There’s nothing stupider in political discourse than the game left and right play in trying to catch each other out for being hypocritical, or inconsistent, or unfair. I’m talking about the kind of J’Accuse! assertions that the ones asserting them think are devastating, but are persuasive to no one but the already brainwashed. These facile, leap-to-judgment “arguments,” generally found on social media, sort of make me feel ashamed to be a human in the 21st century.
I find it doubly irritating when news media are being unjustly accused of the above sins (this is from the right 90 percent of the time). But that’s me; your mileage may vary. (Sorry, Bryan — you hadn’t used that today, so I grabbed it.)
This is not even an extreme example, but it’s one at hand, so I share it:
Readers of the print edition of the Washington Post found not a word this morning about the charges brought last night against Jessie Smollett. The news broke about 8 p.m. Because democracy dies in darkness.
— Brit Hume (@brithume) February 21, 2019
I had a number of thoughts in quick succession about this when it appeared the other day:
- Who reads the print version of The Washington Post? I don’t. I can’t even get the print edition where I live, but I prefer the iPad app anyway.
- Maybe Hume isn’t being a jerk. Maybe he’s really decrying the death — or at least rapid decline — of print. It actually is a real problem that things that happen fairly early in the evening do not make it into the print version. Back when I was in charge of the paper at night, here and in Wichita, I’d be putting breaking news into the paper at 1 a.m. and later. With the super-early press times now, I have seen things that did indeed break as early as 8 fail to make it into The State. No skin off this reader’s nose, but it means folks like my parents who depend on the dead-tree version get the breaking news two days later. Anyway, in this generous interpretation, Hume’s “Democracy Dies in Darkness” crack was a lament that things that happen after sundown aren’t in the next day’s paper.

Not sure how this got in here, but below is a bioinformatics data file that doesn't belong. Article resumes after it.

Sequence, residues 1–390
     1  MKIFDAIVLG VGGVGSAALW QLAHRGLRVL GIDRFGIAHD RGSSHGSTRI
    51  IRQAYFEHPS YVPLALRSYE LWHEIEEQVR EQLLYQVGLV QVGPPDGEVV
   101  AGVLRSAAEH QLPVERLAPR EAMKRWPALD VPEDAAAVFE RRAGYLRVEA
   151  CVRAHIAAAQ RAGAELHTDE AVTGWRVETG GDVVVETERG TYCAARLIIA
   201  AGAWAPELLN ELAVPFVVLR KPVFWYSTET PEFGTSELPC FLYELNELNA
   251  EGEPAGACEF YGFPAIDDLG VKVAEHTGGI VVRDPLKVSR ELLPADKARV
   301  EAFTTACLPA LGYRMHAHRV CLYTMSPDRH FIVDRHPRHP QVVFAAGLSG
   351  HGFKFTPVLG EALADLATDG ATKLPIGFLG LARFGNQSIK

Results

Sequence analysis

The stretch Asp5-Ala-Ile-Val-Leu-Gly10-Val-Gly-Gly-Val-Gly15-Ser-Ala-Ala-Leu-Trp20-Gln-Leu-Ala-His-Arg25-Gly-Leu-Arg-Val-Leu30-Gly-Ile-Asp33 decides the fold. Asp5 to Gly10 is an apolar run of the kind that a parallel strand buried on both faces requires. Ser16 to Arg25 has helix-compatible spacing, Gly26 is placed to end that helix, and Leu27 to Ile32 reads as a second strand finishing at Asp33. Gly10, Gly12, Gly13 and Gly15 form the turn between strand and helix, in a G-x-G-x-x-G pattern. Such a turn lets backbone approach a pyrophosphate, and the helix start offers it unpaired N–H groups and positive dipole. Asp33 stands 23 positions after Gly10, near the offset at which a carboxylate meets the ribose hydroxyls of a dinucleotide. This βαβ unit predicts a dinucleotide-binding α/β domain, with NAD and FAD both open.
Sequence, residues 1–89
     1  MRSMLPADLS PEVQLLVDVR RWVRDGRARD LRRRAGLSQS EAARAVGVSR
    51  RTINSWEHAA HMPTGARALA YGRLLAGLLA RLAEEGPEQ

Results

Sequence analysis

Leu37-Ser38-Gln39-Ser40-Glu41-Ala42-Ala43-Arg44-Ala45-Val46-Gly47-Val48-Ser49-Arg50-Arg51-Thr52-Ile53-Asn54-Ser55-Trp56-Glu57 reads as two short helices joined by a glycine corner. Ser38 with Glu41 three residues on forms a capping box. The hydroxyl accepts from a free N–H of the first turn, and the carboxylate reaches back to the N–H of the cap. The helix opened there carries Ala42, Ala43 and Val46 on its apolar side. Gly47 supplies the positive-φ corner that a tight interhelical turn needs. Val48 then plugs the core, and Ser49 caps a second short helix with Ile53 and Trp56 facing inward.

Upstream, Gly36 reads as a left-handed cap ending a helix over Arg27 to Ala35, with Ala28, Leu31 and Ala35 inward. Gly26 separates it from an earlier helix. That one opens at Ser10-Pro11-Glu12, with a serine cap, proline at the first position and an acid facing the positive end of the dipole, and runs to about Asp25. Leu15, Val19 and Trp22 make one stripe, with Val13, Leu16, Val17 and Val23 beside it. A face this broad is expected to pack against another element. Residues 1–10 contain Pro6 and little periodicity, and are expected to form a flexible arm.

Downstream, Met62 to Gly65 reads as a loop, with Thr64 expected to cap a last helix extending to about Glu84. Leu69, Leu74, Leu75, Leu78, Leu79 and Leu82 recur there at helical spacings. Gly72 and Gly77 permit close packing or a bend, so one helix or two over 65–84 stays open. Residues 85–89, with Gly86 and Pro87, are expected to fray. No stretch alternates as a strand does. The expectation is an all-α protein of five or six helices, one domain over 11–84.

- Nah, that’s probably not what he meant, I decide after looking at some of his other Tweets.
- In any case, there was way more than I was interested in reading about this absurd (according to the cops) affair — in The Post, and elsewhere. In the online editions, I mean — the place where news organizations focus most of their effort and attention these days.
- And I gotta tell ya, Brit — the first I remember hearing about this incident, there was already doubt being cast on this guy’s story. Maybe that’s because that’s when the story got big in the biased news media you decry. (Another cause was that I’d never heard of this “Jussie” person before that coverage.) Maybe I did half-hear something about it before that, but not consciously. Having spent decades of my life having to very quickly pick the real news out from the boring background, I long ago learned to filter out “dog bites man” stuff. “TV actor you never heard of attacked” is a headline that puts me to sleep by the third word. “Cops: Actor faked attack for the publicity” is a hed that might make me read a graf or two, and maybe shake my once at the foolishness in this world before moving on.
- Oh, wait — is this about the fact that some of the overexcited Democratic presidential hopefuls leaped to express sympathy for this guy before facts were known? Well, they made fools of themselves, didn’t they (but with kind intentions, apparently)? But that’s on them. They are not The Washington Post, and The Washington Post is not them, despite the fantasies of those who see the world in binary either-or, us-vs.-them terms. No connection.
Personally, I like what the NYT‘s David Leonhardt said about cases such as this, two days before Hume’s Tweet:
Ms. Harris said in response to the question about her use of the ‘modern day lynching’ phrase,” as Katharine Seelye of The Times reported. “After a moment, she said, ‘I think the facts are still unfolding and I’m very concerned’ about the initial allegation by Mr. Smollett. She said ‘there should be an investigation’ and declined to comment further until it was complete.”
Her final instinct there was the best one. Making sweeping pronouncements about unverified criminal allegations isn’t a good idea — not now, not three weeks ago. It’s especially problematic with matters involving race, gender and sexuality, which ignite particular political passions.
Everyone — and definitely anyone running for president — should know by now that it’s O.K. to wait before weighing in on a hot topic. As the most recent Democratic president famously said, “I like to know what I’m talking about before I speak.”…
Good advice, that.